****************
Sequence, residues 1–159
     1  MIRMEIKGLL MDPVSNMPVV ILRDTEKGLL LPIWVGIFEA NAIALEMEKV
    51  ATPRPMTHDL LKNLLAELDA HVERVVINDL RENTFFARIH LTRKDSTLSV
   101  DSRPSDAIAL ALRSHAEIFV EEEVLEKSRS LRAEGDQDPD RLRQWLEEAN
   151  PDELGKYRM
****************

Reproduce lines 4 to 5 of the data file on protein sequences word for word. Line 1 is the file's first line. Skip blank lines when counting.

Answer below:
   101  DSRPSDAIAL ALRSHAEIFV EEEVLEKSRS LRAEGDQDPD RLRQWLEEAN
   151  PDELGKYRM